Bookstore with 2 levels makes one in a wheelchair have to split it into 2 different stops as there is no ramp or elevator within the store
Building layouts are not always straight forward and have centralized elevators which can make getting around in a wheel chair a difficult task

Our campus is very good about complying with ADA Standards however there is still more to do. Nothing will ever be perfect when rules and regulations are constantly changing but there are many different things that can be changed and should be changed. Having a Disability Services office in one of the older buildings on the 4th floor hardly seems appropriate. There has got to be room in another building with easier access. The fact that the land is relatively flat helps a lot. Some universities are built in such a manner that you have to climb up and down stairs all day in order to get around campus. There is a reason Western Kentucky University is known as the Hilltoppers. Their campus is built on a large hill that is not too friendly for those who are in a wheelchair. Also think about the famous scene from Rocky in which he runs up the giant set of stairs. I didn’t see a ramp there. Bowling Green is lucky to benefit from the flat surface of the campus. Now the university needs to focus in other ways to better help comply with ADA Standards.


Filed Under (BGSU Topics) by Casey Cooper on 10-02-2011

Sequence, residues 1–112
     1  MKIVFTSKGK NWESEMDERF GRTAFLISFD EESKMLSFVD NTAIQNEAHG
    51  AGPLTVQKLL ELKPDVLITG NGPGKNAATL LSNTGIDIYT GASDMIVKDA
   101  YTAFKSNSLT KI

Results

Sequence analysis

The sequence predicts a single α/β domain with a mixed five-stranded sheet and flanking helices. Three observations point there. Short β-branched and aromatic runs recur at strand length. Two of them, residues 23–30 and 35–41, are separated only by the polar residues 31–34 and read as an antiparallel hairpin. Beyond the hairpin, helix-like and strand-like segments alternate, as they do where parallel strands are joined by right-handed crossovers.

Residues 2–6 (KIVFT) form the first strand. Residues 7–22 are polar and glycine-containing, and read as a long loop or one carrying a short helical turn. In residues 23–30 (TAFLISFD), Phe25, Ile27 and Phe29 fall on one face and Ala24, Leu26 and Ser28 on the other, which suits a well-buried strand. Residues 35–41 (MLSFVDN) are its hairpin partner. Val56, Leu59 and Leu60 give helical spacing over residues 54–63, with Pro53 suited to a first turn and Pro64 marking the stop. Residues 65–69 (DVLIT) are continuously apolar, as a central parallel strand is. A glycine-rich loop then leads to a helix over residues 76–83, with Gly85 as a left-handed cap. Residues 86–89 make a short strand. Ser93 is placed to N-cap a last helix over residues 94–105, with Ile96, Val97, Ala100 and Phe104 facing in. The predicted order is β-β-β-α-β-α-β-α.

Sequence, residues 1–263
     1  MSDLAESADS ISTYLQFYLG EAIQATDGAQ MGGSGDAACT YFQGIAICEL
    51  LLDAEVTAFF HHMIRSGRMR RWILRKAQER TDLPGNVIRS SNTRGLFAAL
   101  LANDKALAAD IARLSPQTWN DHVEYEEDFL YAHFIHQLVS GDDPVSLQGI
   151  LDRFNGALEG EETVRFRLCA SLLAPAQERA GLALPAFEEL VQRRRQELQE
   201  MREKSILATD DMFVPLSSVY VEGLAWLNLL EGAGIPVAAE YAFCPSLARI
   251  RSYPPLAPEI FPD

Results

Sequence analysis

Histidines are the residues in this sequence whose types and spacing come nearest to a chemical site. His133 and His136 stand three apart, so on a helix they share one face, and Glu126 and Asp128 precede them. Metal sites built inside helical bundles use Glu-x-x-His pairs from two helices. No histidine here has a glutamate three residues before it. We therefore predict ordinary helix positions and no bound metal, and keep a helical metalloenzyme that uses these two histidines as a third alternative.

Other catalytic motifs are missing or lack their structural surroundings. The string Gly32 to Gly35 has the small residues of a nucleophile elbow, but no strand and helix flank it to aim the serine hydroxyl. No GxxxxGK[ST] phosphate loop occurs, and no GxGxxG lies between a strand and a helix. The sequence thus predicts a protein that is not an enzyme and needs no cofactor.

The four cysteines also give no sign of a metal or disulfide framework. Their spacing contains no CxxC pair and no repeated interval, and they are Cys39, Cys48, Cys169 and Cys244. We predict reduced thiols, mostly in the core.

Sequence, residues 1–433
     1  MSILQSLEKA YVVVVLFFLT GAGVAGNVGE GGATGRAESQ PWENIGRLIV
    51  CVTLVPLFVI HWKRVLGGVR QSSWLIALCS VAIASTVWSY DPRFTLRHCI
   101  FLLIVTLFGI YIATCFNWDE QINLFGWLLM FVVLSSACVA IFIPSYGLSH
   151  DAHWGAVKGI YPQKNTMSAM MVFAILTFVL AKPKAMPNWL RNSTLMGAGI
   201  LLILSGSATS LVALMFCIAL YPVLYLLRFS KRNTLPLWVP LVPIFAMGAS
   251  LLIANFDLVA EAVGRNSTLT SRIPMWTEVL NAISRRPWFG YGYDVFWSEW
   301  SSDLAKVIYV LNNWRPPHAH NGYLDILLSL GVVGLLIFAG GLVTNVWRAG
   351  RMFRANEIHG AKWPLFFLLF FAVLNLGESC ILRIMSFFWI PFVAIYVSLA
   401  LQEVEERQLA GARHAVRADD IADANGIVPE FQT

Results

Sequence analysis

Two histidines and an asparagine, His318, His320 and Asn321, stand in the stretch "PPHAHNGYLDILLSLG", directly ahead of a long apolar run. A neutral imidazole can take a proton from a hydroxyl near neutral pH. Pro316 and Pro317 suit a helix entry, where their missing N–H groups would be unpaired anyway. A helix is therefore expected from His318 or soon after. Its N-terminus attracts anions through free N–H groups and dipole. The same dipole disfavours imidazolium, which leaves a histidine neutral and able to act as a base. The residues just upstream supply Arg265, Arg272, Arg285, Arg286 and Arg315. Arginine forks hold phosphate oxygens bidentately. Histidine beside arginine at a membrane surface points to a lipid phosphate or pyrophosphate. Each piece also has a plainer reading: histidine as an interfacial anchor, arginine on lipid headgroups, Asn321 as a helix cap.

I wasn’t too sure what all Capital Planning involved until this particular presentation by Bob Waddle and two of his colleagues. After listening to what all they had to say I understood that there is still a large amount of cost cutting involved in a project even when the budget exceeds 30 million dollars. The Stroh Center having a roof structure that wouldn’t allow for a catwalk system struck me as odd because that also means you wouldn’t be able to have the typical large center court scoreboard most arenas have. This was a cost cutting technique for the structure of the roof. I personally do not agree with it as now the scoreboards have to be placed all around the arena and don’t quite give it the feel you would expect from a high dollar new venue. I have been to a game at the other Bowling Green (Western Kentucky University) and they have a central scoreboard as well as others around in each corner. Their facility the “Diddle” was built in 1963 but underwent a 32 million dollar renovation in 2002. They have fluctuated in seating from the original 8,500 up to over 13,000 and now back down to 8,000. They also have 16 luxury suites. I feel that this is something that BGSU could have used as a base point to go off of. I understand that it wouldn’t need to be as big but there is no reason why the facilities can’t rival a school comparable in size. My absolute favorite basketball arena for college is the Cintas Center at Xavier University. Coupled with a very strong basketball program and a noisy atmosphere it was ranked as the 3rd toughest place to play on the road in 2009 by EA Sports. Growing up in Cincinnati with my mom going to UC and my dad going to XU college basketball has always been big. So when I see the Stroh Center being built it gets me excited for what is to come for BGSU. I just hope that eventually they can use the state of the art facility to put together a strong and exciting team for years to come. The new basketball court itself will be very nice and hopefully the acoustics of the arena allow it to be deafening to the opposing team. I am sure that with the compromises that needed to be made it will all work out fine. The outer flooring of the court didn’t need to be of the same high cost and high quality material as the actual flooring in play. The color contrast also will look very nice. Also the full-size auxiliary gym will be vital to ensuring that both men’s and women’s teams are able to practice as much as possible as per NCAA rules without worrying about sharing or splitting court time.